@riggedtoexplode Yeah. Algorithms are not necessarily opposed to this, either. If you could turn them on or off, tweak their parameters, and see how they work, I think it would be more like exploring.

But sometimes I do wish that finding people on the fediverse was easier, lol

re: math

@olamundo@qoto.org One relatively simple observation is that every number in any sequence mod 5 is always 0 or 4, except for the first number of the sequence (which can be anything of course).

Something else I noticed is a mysterious symmetry. If you look at all the numbers between 1 and 3^4 which run for exactly 4 steps, you get these numbers:

[11, 14, 29, 32, 43, 46, 61, 64]

They are symmetrical around 37.5. That is, 11 and 64 are equidistant to 37.5, 14 and 61 are also equidistant to 37.5, and so on.

And this is also true for sequences of length 5 between 1 and 3^5, which are symmetrical around 118.5. And so on, up to sequences of length 15 between 1 and 3^15, which are symmetrical around 7174450.5. That's as far as I've checked via computer, but I suspect that it keeps on being true for lengths greater than that, too.

Anyway, thanks for interacting!

re: math

@olamundo@qoto.org Sorry, the description I gave leaves a lot implicit. I actually copied it straight from the blog post, and maybe it was more clear in the blog post. But yes, 3k is any multiple of 3, and r is either 1 or 2.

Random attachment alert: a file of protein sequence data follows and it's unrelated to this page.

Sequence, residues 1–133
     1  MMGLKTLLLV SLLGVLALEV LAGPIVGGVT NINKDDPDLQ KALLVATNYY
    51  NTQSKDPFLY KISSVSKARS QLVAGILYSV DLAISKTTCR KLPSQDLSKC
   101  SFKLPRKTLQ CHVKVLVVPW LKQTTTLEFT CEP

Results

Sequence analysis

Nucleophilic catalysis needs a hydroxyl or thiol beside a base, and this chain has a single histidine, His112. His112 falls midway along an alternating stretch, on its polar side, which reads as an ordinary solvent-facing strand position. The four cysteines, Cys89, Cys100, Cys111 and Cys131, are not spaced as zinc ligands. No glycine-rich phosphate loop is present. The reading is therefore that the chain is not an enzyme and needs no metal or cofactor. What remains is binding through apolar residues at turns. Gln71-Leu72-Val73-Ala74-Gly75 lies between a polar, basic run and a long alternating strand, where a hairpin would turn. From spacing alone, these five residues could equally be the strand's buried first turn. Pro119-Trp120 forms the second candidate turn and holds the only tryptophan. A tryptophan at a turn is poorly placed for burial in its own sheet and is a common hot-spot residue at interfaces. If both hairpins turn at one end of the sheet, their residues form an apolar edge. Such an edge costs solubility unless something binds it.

So 1 would have k=0 and r=1, 2 would have k=0 and r=2, 4 would have k=1 and r=1, 5 would have k=1 and r=2, etc.

These are the first 10 sequences, if that helps:

1: [1, 4, 9]

2: [2, 5, 10, 19, 34, 59, 100, 169, 284, 475, 794, 1325, 2210, 3685, 6144]

3: 

4: [4, 9]

5: [5, 10, 19, 34, 59, 100, 169, 284, 475, 794, 1325, 2210, 3685, 6144]

6: 

7: [7, 14, 25, 44, 75]

8: [8, 15]

9: 

10: [10, 19, 34, 59, 100, 169, 284, 475, 794, 1325, 2210, 3685, 6144]

KDE is pretty nice, it's my desktop environment of choice. It's kind of interesting that it's considered "trending" by this instance right now lol.

math

I stumbled on this collatz-like open problem recently, and was nerd-sniped into spending a lot of time thinking about. The problem is this: given the following function L, does it terminate on all inputs?

L(3k) = 0
L(3k + r) = L(5k + r + 3)

Note that it's an open problem, so finding a solution is not very likely.

(source for the problem:)
nickdrozd.github.io/2021/09/25 We create internet services for you and your friends